A great proposal for strong Lebanon, even if it came late!
 
Messi Can Also Cry
 
The NSW Government ordered the inquiry after an interim report provided to the Minister for Local Government
 
Omani Police: Three Omani brothers “affected by misguided ideas” behind the attack on a mosque in Muscat
 
Donald Trump's return was described as heroic, days after he was shot
 
Hello Kitty to make comeback for her 50th Birthday Year celebrations at Cumberland Council’s 2024 Sydney Cherry Blossom Festival
 
Arson suspected in fire that killed 7 in France
 
4 people were killed in a shooting in the Sultanate of Oman, and such an attack is rare in the Sultanate
 
Trump officially wins the Republican nomination to run for president
 
DA approval crisis at Liverpool City Council
 
Youssef Salameh: How will Western Iran deal with Iranian Lebanon?
 
OPINION PIECE: Trump Shooting an Attack on Shared Values and Freedoms
 
Editorial

Lebanon and the displaced... terrifying statistics, exciting numbers and an existential threat!





Lebanon and the displaced... terrifying statistics,
exciting numbers and an existential threat!
Since the first spark of the Syrian revolution in 2011, the signs of displacement began to appear on the horizon inside Lebanese territory, and despite the objections of some, led by the Free Patriotic Movement, there were Lebanese voices from the political forces on the other side, pressuring the government to allow the displaced Syrians to enter Lebanon, considering that the matter would only take a few weeks and then these displaced people would return to their country again. BUT the reality of the matter took more than 13 years, and it still exists, and Lebanon is experiencing a state of terrifying economic suffocation, and it has been bearing the burden of the displaced Syrians throughout these years until the Lebanese Foreign Minister Abdullah Bou Habib revealed, at the Brussels Conference for the Displaced Syrians, which was held recently, that the cost of the Syrian displacement on Lebanon amounted to about 33 billion dollars over 11 years.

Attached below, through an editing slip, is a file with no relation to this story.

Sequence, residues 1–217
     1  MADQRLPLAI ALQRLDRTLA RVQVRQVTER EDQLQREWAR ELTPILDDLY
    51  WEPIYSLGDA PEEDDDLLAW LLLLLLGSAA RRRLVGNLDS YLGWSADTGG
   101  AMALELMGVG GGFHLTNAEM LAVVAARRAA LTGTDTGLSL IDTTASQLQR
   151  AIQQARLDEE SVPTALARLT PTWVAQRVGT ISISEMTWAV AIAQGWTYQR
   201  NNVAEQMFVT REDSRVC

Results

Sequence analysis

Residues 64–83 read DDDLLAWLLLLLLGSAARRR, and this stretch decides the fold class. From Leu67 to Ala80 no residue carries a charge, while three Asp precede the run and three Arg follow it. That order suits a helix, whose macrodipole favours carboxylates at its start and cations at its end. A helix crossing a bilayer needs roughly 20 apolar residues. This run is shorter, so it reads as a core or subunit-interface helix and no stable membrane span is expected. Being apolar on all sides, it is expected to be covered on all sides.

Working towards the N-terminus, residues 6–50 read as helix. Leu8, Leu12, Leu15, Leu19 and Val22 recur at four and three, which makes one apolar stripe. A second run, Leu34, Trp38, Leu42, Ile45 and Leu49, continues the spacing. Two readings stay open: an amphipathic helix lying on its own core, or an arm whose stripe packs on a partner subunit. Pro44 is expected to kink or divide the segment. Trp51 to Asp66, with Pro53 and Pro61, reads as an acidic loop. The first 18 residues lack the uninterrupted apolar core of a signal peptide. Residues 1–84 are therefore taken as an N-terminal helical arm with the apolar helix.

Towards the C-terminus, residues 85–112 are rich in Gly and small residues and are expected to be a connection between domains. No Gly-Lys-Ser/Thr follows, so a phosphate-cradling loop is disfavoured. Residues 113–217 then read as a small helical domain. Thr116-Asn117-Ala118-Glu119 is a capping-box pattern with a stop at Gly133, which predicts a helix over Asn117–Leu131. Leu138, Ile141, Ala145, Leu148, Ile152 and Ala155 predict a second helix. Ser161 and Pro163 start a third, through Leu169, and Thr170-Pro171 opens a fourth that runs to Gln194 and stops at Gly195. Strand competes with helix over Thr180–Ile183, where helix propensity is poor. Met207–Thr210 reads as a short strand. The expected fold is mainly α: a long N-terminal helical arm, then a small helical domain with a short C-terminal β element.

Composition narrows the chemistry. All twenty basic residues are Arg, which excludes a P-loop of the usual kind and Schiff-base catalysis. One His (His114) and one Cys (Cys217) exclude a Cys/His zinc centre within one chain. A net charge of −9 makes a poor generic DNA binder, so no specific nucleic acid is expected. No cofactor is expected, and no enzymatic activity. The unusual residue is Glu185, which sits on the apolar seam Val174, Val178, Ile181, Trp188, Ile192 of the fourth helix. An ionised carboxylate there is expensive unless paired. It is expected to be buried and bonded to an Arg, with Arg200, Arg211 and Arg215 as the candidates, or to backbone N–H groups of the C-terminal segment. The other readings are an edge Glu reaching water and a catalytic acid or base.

Surprisingly, although Lebanon did not sign the 1951 Refugee Convention, and was therefore considered a “transit country” rather than a country of asylum, Lebanon has become, less than three years after the start of the Syrian war, the “largest displacement country” in terms of the number of displaced Syrians residing on its soil, with their number reaching more than two million Syrians. Despite the enormity of the negative impacts on Lebanon’s economy due to the displaced, we find that with every Lebanese attempt or international conference that would discuss the return of displaced Syrians to their country, we find ambassadors of Western countries that support displaced Syrians sending messages of reproach to the Lebanese government, as it has begun to think of a radical solution to the displaced people, a situation which has exhausted Lebanon all these years. What is even stranger is that they asked the Lebanese Ministry of Education to teach the Lebanese program to Syrian students. Isn’t it better to teach them the Syrian program?! Isn’t that a burden on Lebanon, which has been bearing the burden of the displaced for all these years? Here we wonder: when Lebanon deals with displaced Syrians according to human rights, why did the Lebanese people, who are now living below the poverty line in the world, not deal with the same human rights?  
Therefore, we say to all the Western voices, especially the European ones, that refuse to discuss the situation of the displaced Syrians on Lebanon’s soil, are you satisfied with what is happening in Lebanon, from the unprecedented economic crisis? Isn’t it enough for Lebanon to bear the crisis of the displaced Syrians alone for all these years? Isn’t their homeland more deserving of them now, so that it can have mercy on Lebanon, which is experiencing one of its most serious economic and political crises in its modern history? Didn’t these people who reject the return of the displaced know that Lebanon receives an annual loan to buy wheat estimated at about 350 million dollars, more than 25% of which goes to the displaced Syrians? Lebanon has not closed its doors to any Arab and remains open to all Arabs, but the crisis is too big for Lebanon to address, whether economically, politically, or even socially. 
In conclusion, Lebanon has no solution to get out of its current crisis except after the return of the displaced Syrians to their country. Let everyone know that Lebanon alone is the one that determines its fate and takes the decisions it deems appropriate for it at the present time, because Lebanon alone is the one that bears the repercussions of its crises that have put it in a dangerous phase. We may not be exaggerating if we say that the crisis of the displaced has become a real existential threat to Lebanon and its identity.  
 Editor in Chief



              Pages  


 














Copyright 2007 mideast-times.com